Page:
Well, that's a neat an idea, but I don't know where to find one here in Bulgaria. I mean that people here don't need such a things often and the computer shops don't sale them (e.g. they started selling iPods only a month ago, my I didn't knew what was I missing). However I could not find one and even if I do - i won't find an 2,5 inch one (not mentioning that my Thinkpad has a proprietery HDD connector which requires a special cable.). Don't worry I'll just put up with the idea that booting with CF on it will be impossible if i don't find the previous owner and find out what's the password.
My buddy has a supervisor locked thinkpad. He ended up buying a bios chip off of ebay (90 dollars or so) and I replaced it. I had to use a magnafying glass to solder it properly but it works fine now. Not something that one would want to attempt if you aren't experienced with soldering.
A BIOS chip? I thought that Thinkpads store Supervisor password on an EEPROM chip. It's a 8-pin SMD chip. I read somewhere that if you desolder it and connect it to a serial port reader on other computer, with a special program you could read the password inside (but I think it was crypted, or the reader was storing the bin file crypted on the HDD so no one could use the program for bad purproses without the author's agreemend or something). After that you just put the chip back and unlock the thinkpad with the password you know now. But I don't want to go deep in this electronics stuff - I just was wondering is there a BIOS backdoor password like merlin for Aptivas. That's all.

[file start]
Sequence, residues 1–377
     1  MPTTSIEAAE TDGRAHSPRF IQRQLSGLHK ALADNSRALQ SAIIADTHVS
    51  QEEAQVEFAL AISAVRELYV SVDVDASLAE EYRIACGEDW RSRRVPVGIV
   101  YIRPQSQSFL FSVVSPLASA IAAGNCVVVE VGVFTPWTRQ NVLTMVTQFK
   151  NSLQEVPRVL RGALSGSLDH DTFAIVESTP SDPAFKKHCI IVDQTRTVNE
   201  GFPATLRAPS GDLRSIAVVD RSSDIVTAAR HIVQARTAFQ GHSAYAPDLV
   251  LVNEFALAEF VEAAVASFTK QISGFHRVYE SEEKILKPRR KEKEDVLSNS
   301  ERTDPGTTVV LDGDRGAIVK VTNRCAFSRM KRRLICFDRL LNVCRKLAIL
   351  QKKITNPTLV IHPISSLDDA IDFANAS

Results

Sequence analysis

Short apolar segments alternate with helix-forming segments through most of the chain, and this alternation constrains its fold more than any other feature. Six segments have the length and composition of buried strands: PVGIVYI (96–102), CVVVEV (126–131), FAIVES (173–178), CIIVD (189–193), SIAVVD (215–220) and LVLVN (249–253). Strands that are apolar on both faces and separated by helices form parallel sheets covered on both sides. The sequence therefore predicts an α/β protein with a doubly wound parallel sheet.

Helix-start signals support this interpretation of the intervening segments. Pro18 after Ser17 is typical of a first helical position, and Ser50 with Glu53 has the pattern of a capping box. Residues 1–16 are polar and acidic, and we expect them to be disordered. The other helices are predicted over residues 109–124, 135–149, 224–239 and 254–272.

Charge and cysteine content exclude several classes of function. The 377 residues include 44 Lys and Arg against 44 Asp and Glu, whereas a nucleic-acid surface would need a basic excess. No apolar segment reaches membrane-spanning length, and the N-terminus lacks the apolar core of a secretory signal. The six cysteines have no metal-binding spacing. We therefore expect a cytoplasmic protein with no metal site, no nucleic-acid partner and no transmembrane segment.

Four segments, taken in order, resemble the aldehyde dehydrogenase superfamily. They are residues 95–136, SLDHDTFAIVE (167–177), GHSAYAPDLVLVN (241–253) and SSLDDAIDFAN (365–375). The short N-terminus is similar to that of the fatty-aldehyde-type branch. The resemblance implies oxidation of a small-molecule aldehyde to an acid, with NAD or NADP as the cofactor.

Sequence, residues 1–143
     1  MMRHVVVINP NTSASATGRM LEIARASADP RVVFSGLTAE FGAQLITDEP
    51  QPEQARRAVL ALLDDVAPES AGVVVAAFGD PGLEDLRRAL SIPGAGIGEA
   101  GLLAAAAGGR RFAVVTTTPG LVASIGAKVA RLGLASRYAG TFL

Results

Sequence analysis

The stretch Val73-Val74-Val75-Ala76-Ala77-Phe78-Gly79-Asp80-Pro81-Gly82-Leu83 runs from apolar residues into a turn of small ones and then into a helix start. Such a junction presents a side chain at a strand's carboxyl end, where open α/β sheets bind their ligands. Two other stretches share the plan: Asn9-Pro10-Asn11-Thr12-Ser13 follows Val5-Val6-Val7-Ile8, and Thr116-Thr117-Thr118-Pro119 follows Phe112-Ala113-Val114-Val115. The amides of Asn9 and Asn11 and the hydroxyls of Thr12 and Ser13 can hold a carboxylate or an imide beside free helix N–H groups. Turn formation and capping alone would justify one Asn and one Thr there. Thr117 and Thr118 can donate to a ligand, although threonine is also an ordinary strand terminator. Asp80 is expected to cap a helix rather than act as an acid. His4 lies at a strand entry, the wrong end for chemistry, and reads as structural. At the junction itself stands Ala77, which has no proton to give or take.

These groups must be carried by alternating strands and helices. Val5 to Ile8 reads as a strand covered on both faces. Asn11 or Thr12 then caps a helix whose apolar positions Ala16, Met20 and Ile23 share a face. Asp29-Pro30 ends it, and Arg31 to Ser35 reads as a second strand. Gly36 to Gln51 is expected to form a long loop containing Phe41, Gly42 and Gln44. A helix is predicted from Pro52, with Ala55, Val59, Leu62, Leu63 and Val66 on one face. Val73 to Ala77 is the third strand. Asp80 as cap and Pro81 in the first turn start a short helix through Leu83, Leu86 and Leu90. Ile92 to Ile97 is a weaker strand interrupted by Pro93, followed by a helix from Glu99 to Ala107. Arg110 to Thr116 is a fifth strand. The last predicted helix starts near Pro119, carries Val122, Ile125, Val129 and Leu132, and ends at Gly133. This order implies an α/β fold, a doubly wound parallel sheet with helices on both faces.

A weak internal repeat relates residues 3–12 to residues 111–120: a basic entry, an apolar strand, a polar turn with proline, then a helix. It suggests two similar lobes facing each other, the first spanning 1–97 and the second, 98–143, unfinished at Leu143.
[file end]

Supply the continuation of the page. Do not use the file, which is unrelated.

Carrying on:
This one claims to work with the Thinkpad, though the above posts make me wonder if it doesn't work with a select few of them only, or...er, none of them.
YMMV, but it's another shot:
Thanks for your sugestion - I'll try it tomorrow. Now here is 00:22 AM and I will have to wake up after only 6 hours for school so I'll try this tomorrow. I'm not very optimistic, but there must always be hope. I'll write you tomorrow what happened.
I just called it a bios chip, but thats exactly what I replaced. The ultra tiny 8 pin smd chip. You can make a reader and somehow decrypt the supervisor password, however I was never able to find the program to actually read the chip and return it back to you. The programs that I found downloaded the password but then you had to send in the key that the program generated to the company and pay like 100 dollars to have them decrypt the key. Since it was so much hassle to desolder the chip and build the reader, my friend just went with the new "bios" chip. I really didn't care, it wasn't my laptop.
There were a few thinkpads that did have passwords that were erased with battery removal but they are rather uncommon i think.
Actually my Thinkpad has a jumper for erasing the password under the CD module, but it affects only the power-on password.
i din't try it. I read the README file and it says that there is a way to remove the password with cmospwd /k, but it don't work on laptop. If I do this the irony is that with the BIOS locked I won't be able to set up the CMOS again, after erasing it. But the program could decode the pass from the EEPROM, if I desolder it and connect it to reader. The problem is that I don't won't to desolder it. Isn't that I can't, but I don't have the proper tools. With my hobyist soldering-iron I'll only damage the chip, or the motherboard. I think I'll realy have to learn to live with it. Maybe I could boot from flopy and write a batch file to compy system files from CF to RamDrive and run the from there. Than I'll feel like I have bootable PCMCIA. Maybe I could stuck Win 3.1 or Peanut/Mu linux on a CF. Anyway - my laptop will work even without the CF, beacause my HDD works fine.
Well I did it with a fairly inexpesnive 40 dollar soldering iron from radio shack. I just made sure to use it at high temp, not low temp. When soldering motherboards, its better to use high temps quickly then low temps for longer periods of time.